The Common Good

A History Lesson for Herman Cain

482px-Herman_Cain_by_Gage_SkidmoreDear Herman,

On September 28, you actually called African-Americans "brainwashed" for their support of the Democratic Party.

Brother, please. No one took all the African-Americans in a room one day, dropped a watch and swayed it before our eyes chanting, "Voooooote Democraaaaaaat. Vooooooote Democraaaaaaat." We aren't brainwashed. We just know our history.

But maybe budget cuts struck civics lessons from your junior high curriculum, Herman. So, here's a brief refresher on party politics and race in America.

After the war of 1812, the Democratic Party was America's chief viable party. It maintained the fledgling United States' economic stability, which was largely dependent on the Southern slave-based economy. In the years leading up to the Civil War anti-slavery Democrats defected and joined other small parties. They eventually formed the Republican Party.

Abraham Lincoln was the Republican Party's choice for president in the 1860 election. The Republicans won. Soon after, the South broke off completely and formed the Confederate States of America. In response, regardless of party affiliation, most Northerners rallied to the aid of their Republican president to preserve the Union.

After the Civil War, the 1866 congressional elections gave enough power to so-called "Radical Republicans" in Congress that they overrode Democratic President Andrew Johnson's vetoes and enacted the Reconstruction period. During Reconstruction, this "Radical Republican" Congress passed the 13th, 14th, and 15th Amendments to the U.S. Constitution and deployed the Army to protect Southern black voting rights.

And get this, Herman. Resentful of the Republican-led Civil War victory and the party's process of "radical" change during the Reconstruction Era (1865-1877) the Democratic Party became the choice of the Southern elite.

Yes, Herman, you read right. Southerners flocked to the Democratic Party.

Republican General Ulysses S. Grant became the 18th president of the United States in the middle of the Reconstruction. One of his Grant's contributions was the creation of the Department of Justice, an agency created to protect the rights of all Americans -- most explicitly the freedmen during Reconstruction, with the rise of Southern vigilante lynchings and the Ku Klux Klan.

Yes, Herman, you read right again. A Republican president created the Department of Justice.

Reconstruction ended in 1877, with a back-room deal to settle the disputed election of 1876. In exchange for Southern Democrats' recognition of the Republican Rutherford B. Hayes as president, Republicans would have to withdraw all troops (a.k.a. protection for black folk) from the South and draw Reconstruction to an end.

The result was 90 years of personal, communal, and systemic horror for black families across the South. Separate water fountains, bathrooms and swimming pools humiliated black souls. Separate schools subjugated black minds. Bombed churches broke the backs of black communities. Jim Crow laws blocked black bodies from entering voting booths. And lynching sprees between 1882 and 1964 erased 3,445 images of God reflected in the faces of black men, women and children from American soil.

In response to the vicious consequences of the Compromise of 1877, nearly 7 million African-Americans migrated north to wherever the nearest trains would take them. From 1910-1970, black southerners moved north to cities such as Washington D.C., Philadelphia, New York, Boston, Chicago, Detroit, and Los Angeles. They sought peace and family and a chance to live.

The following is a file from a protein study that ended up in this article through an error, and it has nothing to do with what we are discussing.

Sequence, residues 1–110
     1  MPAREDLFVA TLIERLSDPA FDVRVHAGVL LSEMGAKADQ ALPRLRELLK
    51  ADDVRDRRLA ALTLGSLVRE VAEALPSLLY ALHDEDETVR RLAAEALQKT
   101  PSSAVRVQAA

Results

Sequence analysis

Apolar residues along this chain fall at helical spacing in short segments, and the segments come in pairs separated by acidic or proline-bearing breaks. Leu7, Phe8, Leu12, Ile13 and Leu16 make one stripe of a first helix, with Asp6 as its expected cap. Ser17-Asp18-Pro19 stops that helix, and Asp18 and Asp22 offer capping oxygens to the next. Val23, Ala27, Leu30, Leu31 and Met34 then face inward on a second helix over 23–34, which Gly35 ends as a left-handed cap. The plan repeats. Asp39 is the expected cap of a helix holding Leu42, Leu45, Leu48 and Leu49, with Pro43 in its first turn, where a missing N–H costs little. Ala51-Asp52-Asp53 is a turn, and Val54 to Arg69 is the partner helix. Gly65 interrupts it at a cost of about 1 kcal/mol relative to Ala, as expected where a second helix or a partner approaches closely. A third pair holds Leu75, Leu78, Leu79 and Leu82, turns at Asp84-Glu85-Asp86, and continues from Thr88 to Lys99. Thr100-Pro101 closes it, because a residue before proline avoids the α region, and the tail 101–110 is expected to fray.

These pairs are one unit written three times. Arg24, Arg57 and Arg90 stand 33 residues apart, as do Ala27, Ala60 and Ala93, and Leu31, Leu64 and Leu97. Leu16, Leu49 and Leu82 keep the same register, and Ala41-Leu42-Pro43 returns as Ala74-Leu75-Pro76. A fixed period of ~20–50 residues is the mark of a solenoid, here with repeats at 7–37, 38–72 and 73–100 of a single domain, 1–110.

In the midst of the great migration of African-Americans from south to north, another 20th century migration -- a political one -- took place among the Southern Democrats.

Crying "States rights!" throughout the 1940s, Southern Democrats belligerently blocked civil rights activists and Northern Democratic efforts to pass anti-lynching and anti-poll-tax laws through Congress.

Yes, Herman, you read it right. They tried to keep lynching legal.

They were foiled by Minneapolis Mayor Hubert Humphrey who took the stage at the 1948 Democratic National Convention and declared: "The time has arrived in America for the Democratic Party to get out of the shadows of states' rights and to walk forthrightly into the bright sunshine of human rights!"

A pro-civil-rights plank was adopted as part of the 1948 DNC platform. It called for federal legislation to combat lynching, school segregation, and employment discrimination.

Immediately, 35 Southern Democrats staged a walk-out of the convention. They formed the Dixiecrat Party. Its platform opposed racial integration and explicitly called for the preservation of Jim Crow laws and white supremacy. The party was short-lived and by 1950 most Dixiecrats were absorbed back into the Democratic Party.

Then Democratic President Lyndon B. Johnson passed the Civil Rights Act of 1964 and Voting Rights Act of 1965. Dixiecrats defected from the Democratic Party en masse and found their new home in the heart of the Republican Party where they have ruled ever since.

African-Americans are not brainwashed, Herman. We remember. And we see the past repeating itself. Like the Dixiecrats before them, your tea-partying pals have hijacked a legitimate party and forced it to peddle policies that would effectively crush the image of God in African-American communities across the nation.

Votes are like wealth, Herman. They are not conjured. They are earned.

meLisa Sharon Harper is the Director of Mobilizing at Sojourners. She is also co-author of Left, Right and Christ: Evangelical Faith in Politics and author of Evangelical Does Not Equal Republican ... or Democrat.

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